Solar energy could play a big role in reducing carbon pollution from the U.S. electricity grid over the next few decades. According to a recent report by the U.S. Department of Energy and the affiliated National Renewable Energy Laboratory, solar could in some scenarios potentially deliver on 40% or more of the nation’s electricity demand – a shift that would achieve significant cuts in carbon emissions to help turn the tide on climate change.

Yet despite its rising role in the energy system, key aspects of solar power remain poorly understood. Let’s explore three common myths about solar energy.

Myth: Solar power is expensive.

Reality: The cost of solar has fallen dramatically.

The generalization that solar power is expensive is off-base in a few ways, but the bottom line is that it depends on the size and location of the project.

Large, utility-scale projects, broadly speaking, are cheap and getting cheaper all the time. In fact, the cost of electricity from utility-scale solar fell 85% between 2010 and 2020. In China, India, and most of Europe, it now costs less to build new solar than to run existing coal plants.

According to the Solar Futures Study, 95% decarbonization of the U.S. electric grid is achievable by 2035 without increasing electricity prices, assuming some advances in technology.

For individual homeowners in the U.S., however, installing rooftop solar can still come with a big price tag. Consider, for instance, the average 5-kilowatt rooftop installation, which delivers enough electricity to power your home’s standard appliances. This common installation rings in between $15,000-$25,000 before tax credits or incentives, according to the Center for Sustainable Energy.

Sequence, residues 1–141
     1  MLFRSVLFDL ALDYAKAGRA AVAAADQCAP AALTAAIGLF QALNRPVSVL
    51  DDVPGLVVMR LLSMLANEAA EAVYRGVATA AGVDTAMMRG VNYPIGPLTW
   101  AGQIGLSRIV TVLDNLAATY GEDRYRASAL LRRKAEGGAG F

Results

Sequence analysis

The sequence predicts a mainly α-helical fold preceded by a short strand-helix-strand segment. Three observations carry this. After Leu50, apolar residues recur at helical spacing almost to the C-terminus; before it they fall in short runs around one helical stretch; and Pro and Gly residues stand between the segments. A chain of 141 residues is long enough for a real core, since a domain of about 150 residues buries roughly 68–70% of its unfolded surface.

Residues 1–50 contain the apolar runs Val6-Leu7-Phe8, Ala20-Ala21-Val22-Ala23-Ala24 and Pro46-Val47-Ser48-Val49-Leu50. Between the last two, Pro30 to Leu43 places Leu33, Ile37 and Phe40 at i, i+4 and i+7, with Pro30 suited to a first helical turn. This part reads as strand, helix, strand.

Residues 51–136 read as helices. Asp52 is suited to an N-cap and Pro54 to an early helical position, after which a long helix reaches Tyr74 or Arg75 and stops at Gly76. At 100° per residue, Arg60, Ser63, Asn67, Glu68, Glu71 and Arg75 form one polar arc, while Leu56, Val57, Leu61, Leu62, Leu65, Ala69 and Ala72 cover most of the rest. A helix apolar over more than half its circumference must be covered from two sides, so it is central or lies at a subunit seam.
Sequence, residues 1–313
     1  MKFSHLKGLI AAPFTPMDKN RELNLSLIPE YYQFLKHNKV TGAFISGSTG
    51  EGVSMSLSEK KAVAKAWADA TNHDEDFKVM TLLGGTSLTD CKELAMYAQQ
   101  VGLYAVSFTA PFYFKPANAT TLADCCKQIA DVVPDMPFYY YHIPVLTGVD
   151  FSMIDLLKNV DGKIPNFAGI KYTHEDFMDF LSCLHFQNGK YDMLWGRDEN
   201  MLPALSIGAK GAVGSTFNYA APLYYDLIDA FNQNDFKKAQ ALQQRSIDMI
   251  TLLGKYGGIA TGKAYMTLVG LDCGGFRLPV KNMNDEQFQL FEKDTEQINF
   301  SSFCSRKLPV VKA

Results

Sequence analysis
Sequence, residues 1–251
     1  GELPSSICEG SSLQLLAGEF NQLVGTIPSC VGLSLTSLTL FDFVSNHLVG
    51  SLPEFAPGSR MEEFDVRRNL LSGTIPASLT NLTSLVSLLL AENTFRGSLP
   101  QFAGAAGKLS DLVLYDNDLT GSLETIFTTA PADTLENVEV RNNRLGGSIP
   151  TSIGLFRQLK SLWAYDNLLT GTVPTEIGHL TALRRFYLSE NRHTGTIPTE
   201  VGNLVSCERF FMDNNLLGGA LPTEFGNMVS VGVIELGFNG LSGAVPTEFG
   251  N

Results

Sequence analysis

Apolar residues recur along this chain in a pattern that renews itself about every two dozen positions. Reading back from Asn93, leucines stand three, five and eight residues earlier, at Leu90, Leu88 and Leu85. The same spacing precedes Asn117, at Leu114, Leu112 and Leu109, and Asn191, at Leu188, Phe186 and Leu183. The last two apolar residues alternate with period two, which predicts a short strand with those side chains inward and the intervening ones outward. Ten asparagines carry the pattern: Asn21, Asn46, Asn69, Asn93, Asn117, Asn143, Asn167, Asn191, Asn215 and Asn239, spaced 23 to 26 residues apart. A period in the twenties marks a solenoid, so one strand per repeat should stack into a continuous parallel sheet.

That said, solar prices have decreased steadily over the last decade, particularly for residential systems, and the Department of Energy has outlined targets to bring down solar costs by another 60% within the next 10 years. Many financing options, such as loans and leases, also exist to help spread out the costs over time. With all this in mind, going solar is likely to help lower energy bills, and can even increase your home’s value. The Center for Sustainable Energy estimates that most homeowners who go solar will earn their money back in six to nine years

Rooftop solar may not be right in every scenario. Homeowners need to consider a variety of factors to assess cost versus return on investment, such as current electricity rates and usage, state and local incentives, financing options, and location-specific conditions like area climate, sun exposure, and roof space. Plus, though hardware costs have been declining across the board, soft costs like permitting and labor can be harder to pinpoint.

Ultimately, though, the more productive question is not necessarily about whether solar is affordable or not – it’s about whether society can afford not to incorporate more of it considering the climate impacts of maintaining a dependence on fossil fuels.